|Iodine-129||15.7 million years|
Reactors that are finished with production are called spent nuclear reactors (SNF) Radioactive material in SNF falls into 3 categories, un-reacted fuel (usually uranium), fission products, activation products (notably plutonium). The fission products are the most radioactive and have the shortest half-lives. Uranium and plutonium have longer half lives but are less radioactive SNF goes from reactor to interim storage anywhere from 20-40 years. Interim storage typically consists of putting nuclear wastes into large pools of water. The water cools the radioactive isotopes and shields the environment from the radiation. After the cooling off period the high level of waste will either be reprocessed or directly disposed.
Much of the uranium and plutonium can be reprocessed and recycled as fuel to power the nuclear reactor. What cannot be salvaged will be disposed of indefinitely due to the large amounts of time that it takes for some of the waste isotopes to decay. The disposal system consists of surrounding the packaged solid waste and prevent it from moving leaking into the environment. The packaging is typically a copper canister with a cast iron insert. The second layer consists of bentonite clay and is used as a buffer. It will protect the canister from any small movements. The last step is to place these into several hundred meters of rock. The rock stops the leaking of the material into the environment as well as to protect the canister and offer a stable environment.
Currently no country has a complete system for storing high level waste but many have plans to do so within the next 10 years.
Pros and Cons of Nuclear Power
- Phenomenal Energy Output - The energy produced from fissionable material like Uranium-235, is approximately 10 million times the energy obtained by burning same mass of coal.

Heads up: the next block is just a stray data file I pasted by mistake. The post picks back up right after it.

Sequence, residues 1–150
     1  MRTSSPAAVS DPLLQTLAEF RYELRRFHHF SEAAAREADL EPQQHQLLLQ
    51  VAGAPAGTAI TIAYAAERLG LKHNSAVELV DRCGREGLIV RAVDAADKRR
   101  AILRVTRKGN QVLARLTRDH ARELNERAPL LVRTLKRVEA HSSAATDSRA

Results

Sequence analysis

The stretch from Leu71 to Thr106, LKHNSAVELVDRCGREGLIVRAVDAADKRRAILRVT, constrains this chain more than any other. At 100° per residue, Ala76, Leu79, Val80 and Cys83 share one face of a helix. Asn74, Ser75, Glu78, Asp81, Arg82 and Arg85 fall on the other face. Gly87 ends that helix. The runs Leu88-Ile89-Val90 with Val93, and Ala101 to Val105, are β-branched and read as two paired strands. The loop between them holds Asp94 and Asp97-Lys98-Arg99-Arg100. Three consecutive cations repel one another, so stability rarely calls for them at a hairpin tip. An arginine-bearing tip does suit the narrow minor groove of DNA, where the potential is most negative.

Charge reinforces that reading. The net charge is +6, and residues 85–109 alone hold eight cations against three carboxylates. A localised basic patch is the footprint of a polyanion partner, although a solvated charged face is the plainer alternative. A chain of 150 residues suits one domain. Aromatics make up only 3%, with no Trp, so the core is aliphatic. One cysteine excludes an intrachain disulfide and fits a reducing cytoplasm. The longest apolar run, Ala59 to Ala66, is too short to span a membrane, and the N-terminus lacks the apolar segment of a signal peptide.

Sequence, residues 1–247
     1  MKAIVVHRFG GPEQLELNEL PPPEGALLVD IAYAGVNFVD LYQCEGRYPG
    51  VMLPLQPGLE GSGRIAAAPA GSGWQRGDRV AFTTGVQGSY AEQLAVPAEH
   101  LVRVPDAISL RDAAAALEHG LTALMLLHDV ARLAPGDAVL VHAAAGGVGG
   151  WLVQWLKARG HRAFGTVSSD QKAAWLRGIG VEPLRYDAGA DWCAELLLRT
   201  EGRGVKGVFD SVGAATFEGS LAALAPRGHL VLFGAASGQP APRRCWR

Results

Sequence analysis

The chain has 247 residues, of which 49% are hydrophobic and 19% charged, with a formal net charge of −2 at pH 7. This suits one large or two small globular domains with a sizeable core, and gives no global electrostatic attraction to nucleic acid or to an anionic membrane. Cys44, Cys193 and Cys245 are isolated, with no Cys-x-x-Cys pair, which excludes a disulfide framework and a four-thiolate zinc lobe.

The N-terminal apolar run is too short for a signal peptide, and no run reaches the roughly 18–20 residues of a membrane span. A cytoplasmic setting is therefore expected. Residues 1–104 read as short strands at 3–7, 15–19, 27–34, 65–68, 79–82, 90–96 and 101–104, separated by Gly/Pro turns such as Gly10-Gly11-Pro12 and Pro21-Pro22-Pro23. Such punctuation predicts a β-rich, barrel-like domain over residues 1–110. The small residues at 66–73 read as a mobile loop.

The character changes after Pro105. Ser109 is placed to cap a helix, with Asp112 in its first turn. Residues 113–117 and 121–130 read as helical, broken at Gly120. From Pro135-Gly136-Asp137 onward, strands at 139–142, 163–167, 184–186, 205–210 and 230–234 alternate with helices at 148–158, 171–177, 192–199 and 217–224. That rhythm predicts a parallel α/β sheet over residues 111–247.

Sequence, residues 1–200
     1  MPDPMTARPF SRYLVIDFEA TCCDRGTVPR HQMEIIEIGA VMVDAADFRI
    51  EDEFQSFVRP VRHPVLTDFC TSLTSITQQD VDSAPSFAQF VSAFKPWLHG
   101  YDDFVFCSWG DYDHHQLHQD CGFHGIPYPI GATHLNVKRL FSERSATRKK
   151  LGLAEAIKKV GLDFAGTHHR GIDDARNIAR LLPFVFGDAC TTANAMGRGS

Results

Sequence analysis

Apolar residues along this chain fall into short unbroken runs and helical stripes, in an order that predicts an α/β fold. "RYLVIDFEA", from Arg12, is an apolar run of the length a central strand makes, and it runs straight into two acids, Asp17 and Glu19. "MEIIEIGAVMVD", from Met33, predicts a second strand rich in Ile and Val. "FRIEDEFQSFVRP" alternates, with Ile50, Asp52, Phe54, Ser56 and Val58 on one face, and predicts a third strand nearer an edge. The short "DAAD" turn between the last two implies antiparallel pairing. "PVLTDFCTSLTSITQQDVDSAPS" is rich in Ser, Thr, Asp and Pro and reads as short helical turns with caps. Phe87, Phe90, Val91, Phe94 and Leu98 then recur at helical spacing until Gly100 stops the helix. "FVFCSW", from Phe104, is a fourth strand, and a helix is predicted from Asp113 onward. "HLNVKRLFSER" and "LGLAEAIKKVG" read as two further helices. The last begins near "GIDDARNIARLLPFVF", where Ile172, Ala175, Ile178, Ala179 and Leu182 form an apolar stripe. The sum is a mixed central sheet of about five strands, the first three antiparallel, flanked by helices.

- Relatively Low Operating Costs - Once built, a nuclear power plant is not an expensive energy source to fuel and operate.
- Nuclear technology is readily available- It does not have to be developed first, eliminating costs.
- Nuclear Power Generation emits very low amounts of CO2 - The emissions of green house gases and therefore the contribution of nuclear power plants to global warming is relatively little.
- A Reliable Energy Source - Nuclear energy is a comparatively reliable energy resource, unaffected by strikes and shortages around the world, as very little is required at a time and its well distributed around the world.
- Safety- This can be looked at as a pro or a con. The results of a compromised reactor core can be catastrophic, however, the precautions and safety measures taken by the manufacturers of these facilities as well as the regulatory agencies are extremely redundant and prevent accidents very well. Statistically, nuclear power is one of the safest methods of producing energy.
- Time and Costs - The time frame needed for formalities, planning and building of a new nuclear power generation plant is very lengthy. Also, the costs associated with constructing a nuclear plant are extremely expensive.
- Nuclear Meltdowns and Disasters - A nuclear meltdown occurs when there is an acute shortage of coolant water in the nuclear reactor. This can lead to disastrous consequences, harming humans as well as the environment. The Chernobyl accident of 1986 is a constant reminder of the devastation of radiation in the event of a meltdown.
- Radioactive Waste Disposal - The safe disposal of radioactive waste is a major problem. Fission of a material like Uranium leaves by-products, which are themselves radioactive and highly harmful to the environment. Storage facilities are not sufficient to store the world’s nuclear waste, which limits the amount of nuclear fuel that can be used per year.